Okay, I admit, not as catchy as the beloved “there’s an app for that,” but it has a place these days in political communication via internet.
I like to stay politically informed, but often I get caught up in the fast pace of my college life and don’t have time to shift through a large breadth of political coverage to know as much as I would like to about an election. Over the last several months, when searching for information on the current campaigns, I have been pleasantly surprised by the incorporation of interactive graphics into the political coverage of several major news outlets.
While this is likely a case of keeping up with the Jones’ of the media world—-can’t you hear it now, “ The Jones’ put an interactive graphic on their site to help make political coverage more accessible…we need one NOW”—I would like to be optimistic and think that they have incorporated these in order to make consumption of political news and data more accessible to busy Americans.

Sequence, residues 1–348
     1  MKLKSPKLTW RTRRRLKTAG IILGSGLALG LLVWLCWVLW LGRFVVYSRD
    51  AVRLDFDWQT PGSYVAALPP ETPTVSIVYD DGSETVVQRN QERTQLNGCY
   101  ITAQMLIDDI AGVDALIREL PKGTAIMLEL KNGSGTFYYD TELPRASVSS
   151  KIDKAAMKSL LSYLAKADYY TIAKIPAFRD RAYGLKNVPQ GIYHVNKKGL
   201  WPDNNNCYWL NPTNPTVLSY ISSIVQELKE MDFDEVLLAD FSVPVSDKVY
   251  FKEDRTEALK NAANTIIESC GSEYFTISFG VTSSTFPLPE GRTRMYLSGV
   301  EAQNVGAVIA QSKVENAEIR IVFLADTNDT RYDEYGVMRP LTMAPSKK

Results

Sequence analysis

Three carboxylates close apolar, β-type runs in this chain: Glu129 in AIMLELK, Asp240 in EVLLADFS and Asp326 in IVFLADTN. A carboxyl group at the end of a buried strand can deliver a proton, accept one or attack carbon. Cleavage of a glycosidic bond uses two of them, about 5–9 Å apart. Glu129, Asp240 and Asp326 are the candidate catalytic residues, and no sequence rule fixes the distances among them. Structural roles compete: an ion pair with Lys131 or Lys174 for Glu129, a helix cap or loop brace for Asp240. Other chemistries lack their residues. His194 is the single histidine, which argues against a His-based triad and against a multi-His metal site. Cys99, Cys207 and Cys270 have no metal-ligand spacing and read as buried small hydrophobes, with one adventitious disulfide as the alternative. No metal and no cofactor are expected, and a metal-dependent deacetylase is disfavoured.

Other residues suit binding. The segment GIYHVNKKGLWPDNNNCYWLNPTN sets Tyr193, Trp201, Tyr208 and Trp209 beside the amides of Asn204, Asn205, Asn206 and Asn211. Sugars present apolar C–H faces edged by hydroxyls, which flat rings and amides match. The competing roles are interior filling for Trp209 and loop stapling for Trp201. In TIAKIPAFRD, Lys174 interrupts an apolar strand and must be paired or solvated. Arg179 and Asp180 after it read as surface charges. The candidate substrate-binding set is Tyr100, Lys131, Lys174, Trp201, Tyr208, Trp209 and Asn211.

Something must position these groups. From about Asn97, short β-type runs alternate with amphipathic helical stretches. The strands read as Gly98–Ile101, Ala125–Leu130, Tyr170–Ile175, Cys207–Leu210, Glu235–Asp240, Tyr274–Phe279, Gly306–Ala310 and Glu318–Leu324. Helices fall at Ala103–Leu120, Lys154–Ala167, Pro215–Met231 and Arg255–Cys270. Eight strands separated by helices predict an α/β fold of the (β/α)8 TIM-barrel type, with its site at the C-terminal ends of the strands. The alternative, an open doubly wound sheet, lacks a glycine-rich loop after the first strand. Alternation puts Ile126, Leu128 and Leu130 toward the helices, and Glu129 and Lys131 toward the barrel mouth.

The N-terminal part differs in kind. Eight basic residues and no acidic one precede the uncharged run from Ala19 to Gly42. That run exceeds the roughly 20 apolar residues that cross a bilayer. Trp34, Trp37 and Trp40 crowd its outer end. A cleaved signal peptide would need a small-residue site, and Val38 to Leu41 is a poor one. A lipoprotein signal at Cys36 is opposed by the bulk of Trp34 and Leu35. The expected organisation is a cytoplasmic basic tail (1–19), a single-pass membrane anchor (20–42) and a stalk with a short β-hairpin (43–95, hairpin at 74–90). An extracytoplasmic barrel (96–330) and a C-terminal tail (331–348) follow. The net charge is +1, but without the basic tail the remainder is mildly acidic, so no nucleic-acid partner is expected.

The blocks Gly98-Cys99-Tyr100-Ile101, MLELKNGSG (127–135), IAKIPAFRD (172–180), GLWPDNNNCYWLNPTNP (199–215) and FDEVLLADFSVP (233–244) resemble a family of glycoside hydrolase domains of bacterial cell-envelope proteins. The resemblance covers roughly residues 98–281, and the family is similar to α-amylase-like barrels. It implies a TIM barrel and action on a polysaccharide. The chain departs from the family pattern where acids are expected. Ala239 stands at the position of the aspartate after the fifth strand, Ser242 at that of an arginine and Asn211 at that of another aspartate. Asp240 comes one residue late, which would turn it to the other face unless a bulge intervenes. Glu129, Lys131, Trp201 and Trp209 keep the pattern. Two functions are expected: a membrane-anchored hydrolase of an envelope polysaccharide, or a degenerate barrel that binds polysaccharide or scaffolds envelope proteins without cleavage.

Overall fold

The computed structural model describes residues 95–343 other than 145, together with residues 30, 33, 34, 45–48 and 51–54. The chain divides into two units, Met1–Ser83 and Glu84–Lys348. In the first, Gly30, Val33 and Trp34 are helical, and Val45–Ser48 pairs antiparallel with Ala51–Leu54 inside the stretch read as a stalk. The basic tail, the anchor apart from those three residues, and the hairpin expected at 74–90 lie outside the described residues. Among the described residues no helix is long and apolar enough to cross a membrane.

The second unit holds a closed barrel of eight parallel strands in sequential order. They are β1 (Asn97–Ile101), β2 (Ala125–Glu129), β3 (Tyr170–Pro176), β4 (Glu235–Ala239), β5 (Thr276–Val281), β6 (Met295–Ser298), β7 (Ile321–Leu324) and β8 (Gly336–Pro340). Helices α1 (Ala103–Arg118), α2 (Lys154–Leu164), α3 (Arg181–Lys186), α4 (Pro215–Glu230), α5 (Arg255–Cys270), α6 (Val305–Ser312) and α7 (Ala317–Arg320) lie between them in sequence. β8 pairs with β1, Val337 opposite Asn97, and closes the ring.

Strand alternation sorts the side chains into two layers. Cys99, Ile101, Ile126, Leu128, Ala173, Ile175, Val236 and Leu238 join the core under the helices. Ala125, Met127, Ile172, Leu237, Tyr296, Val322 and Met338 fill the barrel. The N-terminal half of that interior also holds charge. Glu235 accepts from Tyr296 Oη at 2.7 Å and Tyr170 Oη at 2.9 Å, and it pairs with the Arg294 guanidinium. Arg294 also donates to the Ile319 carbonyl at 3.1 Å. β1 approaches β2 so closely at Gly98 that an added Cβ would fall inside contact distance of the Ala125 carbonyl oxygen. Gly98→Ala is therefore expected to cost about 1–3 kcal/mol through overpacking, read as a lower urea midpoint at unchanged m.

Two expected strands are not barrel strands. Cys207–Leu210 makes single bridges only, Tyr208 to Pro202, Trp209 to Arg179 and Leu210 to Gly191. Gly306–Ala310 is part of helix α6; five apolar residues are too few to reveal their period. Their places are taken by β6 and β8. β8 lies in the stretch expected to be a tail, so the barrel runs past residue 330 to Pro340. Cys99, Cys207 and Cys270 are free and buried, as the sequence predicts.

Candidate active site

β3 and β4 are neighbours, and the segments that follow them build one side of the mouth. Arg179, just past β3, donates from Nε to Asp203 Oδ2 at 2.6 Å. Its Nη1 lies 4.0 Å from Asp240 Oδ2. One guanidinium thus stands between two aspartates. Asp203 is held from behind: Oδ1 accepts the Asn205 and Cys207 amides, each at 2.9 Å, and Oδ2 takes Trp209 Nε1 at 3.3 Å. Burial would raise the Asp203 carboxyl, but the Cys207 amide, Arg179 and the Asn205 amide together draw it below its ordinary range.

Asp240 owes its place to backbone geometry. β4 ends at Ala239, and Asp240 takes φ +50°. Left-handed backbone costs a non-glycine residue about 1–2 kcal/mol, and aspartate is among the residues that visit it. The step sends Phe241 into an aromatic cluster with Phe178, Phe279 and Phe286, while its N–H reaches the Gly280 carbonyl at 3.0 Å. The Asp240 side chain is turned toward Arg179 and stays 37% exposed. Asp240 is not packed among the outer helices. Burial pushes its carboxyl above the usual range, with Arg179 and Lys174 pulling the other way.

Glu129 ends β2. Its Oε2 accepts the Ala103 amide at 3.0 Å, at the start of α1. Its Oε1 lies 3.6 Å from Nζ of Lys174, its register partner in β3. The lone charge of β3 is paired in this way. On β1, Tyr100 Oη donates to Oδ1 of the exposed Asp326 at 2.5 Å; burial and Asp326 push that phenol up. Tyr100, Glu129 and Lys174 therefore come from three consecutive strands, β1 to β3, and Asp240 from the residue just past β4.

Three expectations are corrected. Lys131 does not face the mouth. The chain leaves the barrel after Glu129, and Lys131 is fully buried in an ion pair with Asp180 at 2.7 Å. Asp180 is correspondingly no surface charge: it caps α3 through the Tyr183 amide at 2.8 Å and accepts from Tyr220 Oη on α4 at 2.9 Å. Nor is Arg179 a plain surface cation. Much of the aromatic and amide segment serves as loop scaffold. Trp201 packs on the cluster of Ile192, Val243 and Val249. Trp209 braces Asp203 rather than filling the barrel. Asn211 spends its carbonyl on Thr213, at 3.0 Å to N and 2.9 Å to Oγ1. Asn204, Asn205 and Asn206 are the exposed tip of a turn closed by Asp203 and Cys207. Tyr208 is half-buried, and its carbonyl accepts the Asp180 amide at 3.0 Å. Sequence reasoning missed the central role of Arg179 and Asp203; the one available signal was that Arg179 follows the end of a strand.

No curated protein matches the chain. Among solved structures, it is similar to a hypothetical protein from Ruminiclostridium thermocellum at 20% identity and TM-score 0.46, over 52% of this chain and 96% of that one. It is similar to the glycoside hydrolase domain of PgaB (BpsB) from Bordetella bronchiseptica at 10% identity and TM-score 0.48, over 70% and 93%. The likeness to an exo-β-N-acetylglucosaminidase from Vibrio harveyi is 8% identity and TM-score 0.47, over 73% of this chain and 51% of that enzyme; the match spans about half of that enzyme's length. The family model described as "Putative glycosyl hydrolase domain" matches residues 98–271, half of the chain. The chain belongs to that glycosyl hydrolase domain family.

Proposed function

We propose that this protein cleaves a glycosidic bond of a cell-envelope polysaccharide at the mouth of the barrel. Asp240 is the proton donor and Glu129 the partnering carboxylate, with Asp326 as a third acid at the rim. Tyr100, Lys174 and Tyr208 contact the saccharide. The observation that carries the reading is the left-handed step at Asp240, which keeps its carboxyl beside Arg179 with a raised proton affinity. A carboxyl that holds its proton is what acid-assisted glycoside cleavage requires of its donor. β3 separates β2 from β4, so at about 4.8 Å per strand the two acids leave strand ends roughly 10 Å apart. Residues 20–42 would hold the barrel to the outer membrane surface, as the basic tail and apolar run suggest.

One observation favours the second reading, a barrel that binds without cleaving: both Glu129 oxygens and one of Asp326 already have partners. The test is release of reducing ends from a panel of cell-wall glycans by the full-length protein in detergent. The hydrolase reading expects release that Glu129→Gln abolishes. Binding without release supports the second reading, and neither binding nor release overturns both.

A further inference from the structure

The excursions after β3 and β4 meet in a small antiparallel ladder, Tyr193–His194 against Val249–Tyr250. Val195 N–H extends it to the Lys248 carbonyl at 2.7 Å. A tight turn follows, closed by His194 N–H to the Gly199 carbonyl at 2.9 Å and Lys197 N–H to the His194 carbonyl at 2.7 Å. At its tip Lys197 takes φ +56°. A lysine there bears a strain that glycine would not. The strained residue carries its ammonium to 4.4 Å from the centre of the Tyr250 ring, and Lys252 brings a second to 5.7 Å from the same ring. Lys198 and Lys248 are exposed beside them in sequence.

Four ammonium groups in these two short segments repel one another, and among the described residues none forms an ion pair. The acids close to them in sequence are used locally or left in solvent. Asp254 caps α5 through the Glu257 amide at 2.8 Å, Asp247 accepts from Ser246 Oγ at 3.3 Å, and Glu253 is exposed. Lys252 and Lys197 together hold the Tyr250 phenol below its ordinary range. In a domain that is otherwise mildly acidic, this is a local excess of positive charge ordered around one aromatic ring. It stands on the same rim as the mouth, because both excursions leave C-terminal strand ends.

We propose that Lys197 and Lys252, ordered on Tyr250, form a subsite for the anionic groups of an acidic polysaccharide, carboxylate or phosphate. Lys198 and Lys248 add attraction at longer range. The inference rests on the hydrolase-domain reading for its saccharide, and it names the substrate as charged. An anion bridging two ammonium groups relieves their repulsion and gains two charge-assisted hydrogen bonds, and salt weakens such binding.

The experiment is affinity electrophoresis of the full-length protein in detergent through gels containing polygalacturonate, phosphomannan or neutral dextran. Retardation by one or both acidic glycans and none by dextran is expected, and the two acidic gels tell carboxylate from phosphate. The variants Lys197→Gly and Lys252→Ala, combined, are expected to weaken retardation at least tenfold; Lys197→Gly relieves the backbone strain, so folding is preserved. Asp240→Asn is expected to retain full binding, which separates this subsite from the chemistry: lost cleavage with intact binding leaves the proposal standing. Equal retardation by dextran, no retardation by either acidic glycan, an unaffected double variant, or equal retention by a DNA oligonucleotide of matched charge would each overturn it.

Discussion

In this digital age, it is imperative for people to be able to access online, synthesize, and then form opinions on information quickly. These interactive graphics make this possible and easy.
The Washington Post has several graphics that help track spending on advertising (if you’re one of those people who likes to know who is putting money where and how much, this is the place for you), a horse-race journalism style tracker of the Republican Primary, and a Campaign Finance explorer.
Similar to the aforementioned horse-race graphic on the WP sight, the New York Times has a similar delegate tracker. As a side note, The New York Time really does have an app for that.
My personal favorite interactive election graphic is featured on US Election News. It allows the user to chose specifics that they would want to see and about which they would like to learn. This allows people to receive aggregated data about issues or candidates that are important to them personally.